For Dec qtr 2005, there were 79,370 persons nationally under the authority of corrective services (excluding those in periodic detention). There was a daily average 24,184 full-time prisoners in Australia, an increase of 2% on Dec qtr 2004. The average daily national imprisonment rate was 155 prisoners per 100,000 adult population, and males were 14 times more likely to be in prison than females. There were 5,662 Indigenous adult prisoners in full-time custody.
There were 55,197 persons in community-based corrections in Australia, an increase of 6% (3,275 persons) since Dec qtr 2004. Of this figure, 9,365 (21%) persons were serving parole orders following imprisonment. Males were almost five times more likely to be in community based corrections than females. State and territory data is also freely available through the ABS website.
Contact Nick Skondreas on Melbourne (03) 9615 7375 or email <email@example.com>.
4513.0 - Criminal Courts, Australia, 2004-05. Released 25/1/2006.
|Statistics relating to the criminal jurisdiction of Higher (Supreme and Intermediate) and Magistrates' Courts across Australia. Statistics describe the characteristics of defendants, including offences and sentences. In Victoria during 2004-05, there were 2,307 defendants adjudicated in Higher Courts and 83,114 defendants in Magistrates' Courts. Of defendants proven guilty in Victorian Higher Courts, 82% received custodial orders, and 16% non-custodial orders. Of defendants proven guilty in Victorian Magistrates' Courts, 13% received custodial orders, and 86% non-custodial orders.|
Contact Nick Skondreas on Melbourne (03) 9615 7375 or email <firstname.lastname@example.org>.
5506.0 Taxation Revenue, Australia, 2004-05. Released 29/03/2006.
This publication contains statistics of taxation revenue collected by all levels of government in Australia for the period 1999-2000 to 2004-05. Total taxation revenue collected in Australia rose $21,266 million or 8.3%, between 2003-04 and 2004-05. Taxes on income increased by $17,265 million, and taxes on provision of goods and services increased $2,939 million.
National state government taxation revenue [including taxes from other levels of government and on public corporations; but excluding GST revenue, which is recorded in GFS as a grant from Commonwealth to states] increased 3.1% from 2003-04 to $41,648 million in 2004-05. Taxes on property were the single largest taxation revenue source (38.5%) for state governments in 2004-05, followed by employers' payroll taxes at 28.8%.
National local government taxation revenue increased 6.2% from 2003-04 to $8,146 million in 2004-05. Taxes on property are the sole source of taxation revenue for local government.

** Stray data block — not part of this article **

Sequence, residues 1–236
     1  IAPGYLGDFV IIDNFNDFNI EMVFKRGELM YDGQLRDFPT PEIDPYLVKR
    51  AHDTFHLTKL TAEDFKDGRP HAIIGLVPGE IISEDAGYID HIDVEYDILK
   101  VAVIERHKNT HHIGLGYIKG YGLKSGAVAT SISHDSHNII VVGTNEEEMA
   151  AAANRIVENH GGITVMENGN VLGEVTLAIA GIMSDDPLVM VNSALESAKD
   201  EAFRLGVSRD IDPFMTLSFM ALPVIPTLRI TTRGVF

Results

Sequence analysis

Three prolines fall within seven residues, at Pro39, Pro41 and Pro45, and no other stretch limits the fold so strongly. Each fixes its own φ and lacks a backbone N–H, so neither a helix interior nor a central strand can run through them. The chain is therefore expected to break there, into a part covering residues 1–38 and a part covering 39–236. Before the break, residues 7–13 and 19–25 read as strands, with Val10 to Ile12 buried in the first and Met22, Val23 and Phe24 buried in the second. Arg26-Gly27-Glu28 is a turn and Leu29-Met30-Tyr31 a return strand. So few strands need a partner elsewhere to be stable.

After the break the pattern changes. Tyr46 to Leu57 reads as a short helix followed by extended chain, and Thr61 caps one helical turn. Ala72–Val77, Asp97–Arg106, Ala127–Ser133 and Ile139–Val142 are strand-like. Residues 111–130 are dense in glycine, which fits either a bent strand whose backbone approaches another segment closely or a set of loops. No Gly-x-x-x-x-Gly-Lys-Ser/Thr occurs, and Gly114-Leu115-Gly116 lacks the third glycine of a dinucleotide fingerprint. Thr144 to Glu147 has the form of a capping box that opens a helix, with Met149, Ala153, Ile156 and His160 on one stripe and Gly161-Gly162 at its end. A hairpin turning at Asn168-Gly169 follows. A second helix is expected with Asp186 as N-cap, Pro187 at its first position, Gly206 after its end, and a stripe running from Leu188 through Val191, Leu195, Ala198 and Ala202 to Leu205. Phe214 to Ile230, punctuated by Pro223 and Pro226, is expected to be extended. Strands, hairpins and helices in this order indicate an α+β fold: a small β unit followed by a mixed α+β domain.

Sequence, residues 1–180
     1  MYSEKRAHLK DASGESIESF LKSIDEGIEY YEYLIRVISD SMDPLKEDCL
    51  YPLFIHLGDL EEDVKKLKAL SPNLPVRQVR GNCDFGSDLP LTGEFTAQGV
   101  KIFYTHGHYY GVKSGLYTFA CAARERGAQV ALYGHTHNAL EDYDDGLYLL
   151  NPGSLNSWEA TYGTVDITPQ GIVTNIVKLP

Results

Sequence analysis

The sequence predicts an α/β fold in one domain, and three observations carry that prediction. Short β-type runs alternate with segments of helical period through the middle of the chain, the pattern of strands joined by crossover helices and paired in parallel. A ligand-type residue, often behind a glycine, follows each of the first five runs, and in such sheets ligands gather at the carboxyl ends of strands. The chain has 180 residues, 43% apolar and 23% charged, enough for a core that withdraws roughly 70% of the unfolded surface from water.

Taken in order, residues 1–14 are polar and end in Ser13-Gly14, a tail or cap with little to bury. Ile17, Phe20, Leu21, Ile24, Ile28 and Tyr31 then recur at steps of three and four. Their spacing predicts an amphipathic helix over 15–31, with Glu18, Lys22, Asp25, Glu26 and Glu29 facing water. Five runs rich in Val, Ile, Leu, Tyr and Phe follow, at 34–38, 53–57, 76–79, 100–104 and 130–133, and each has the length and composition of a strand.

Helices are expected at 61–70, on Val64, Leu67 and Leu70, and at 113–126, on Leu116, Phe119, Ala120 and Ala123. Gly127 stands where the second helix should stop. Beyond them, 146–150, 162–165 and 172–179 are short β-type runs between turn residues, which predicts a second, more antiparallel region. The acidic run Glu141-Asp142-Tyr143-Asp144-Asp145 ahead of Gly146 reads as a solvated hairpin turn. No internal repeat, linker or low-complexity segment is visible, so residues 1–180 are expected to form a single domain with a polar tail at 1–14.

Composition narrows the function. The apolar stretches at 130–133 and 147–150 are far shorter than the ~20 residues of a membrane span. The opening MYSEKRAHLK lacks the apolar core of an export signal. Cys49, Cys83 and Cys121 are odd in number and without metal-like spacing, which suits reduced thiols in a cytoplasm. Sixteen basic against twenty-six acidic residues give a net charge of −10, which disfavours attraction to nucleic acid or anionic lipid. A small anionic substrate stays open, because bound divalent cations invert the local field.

In 2004-05, income taxes levied on individuals represented 40.3% of total taxation revenue for all levels of government, GST revenue 12.7%, and excises and levies 8.2%. On average, Australian residents each paid $13,781 in tax, up 7.0% on the previous year. Commonwealth Government per capita taxation rose by 8.1% from 2003-04 to $11,336 in 2004-05. Victorian state and local government per capita taxation rose 2.6% from 2003-04 to $2,520 in 2004-05.
Contact Jonathon Sim on Canberra (02) 6252 5735 or email <email@example.com>.
|5625.0 Private New Capital Expenditure and Expected Expenditure, Australia, December 2005. Released 23/2/2006.|
Australian total capital expenditure (trend estimate) increased 5.9% in Dec qtr 2005. It rose 9.2% in seasonally adjusted terms, after a 3.5% rise in Sept qtr 2005. A strong increase in seasonally adjusted expenditure on equipment, plant and machinery (9.9%) has been the major source of growth this quarter, mainly driven by other selected industries and mining. Seasonally adjusted buildings and structures increased (6.6%), mainly driven by mining. In Dec qtr 2005, actual capital expenditure (current price) in Victoria increased 17.6% to $4,021 mil: mining expenditure grew 53.9% to $497 mil, manufacturing grew 7.5% to $985 mil, and other selected industries rose 16.5% to $2,538 mil. This publication contains 6 tables with state level data.
Contact Esther Lauw on Sydney (02) 9268 4357 or email <firstname.lastname@example.org>.
6261.0.55.001 Characteristics of Wage and Salary Earners in Regions of Australia, 2002-03. Released 22/2/2006.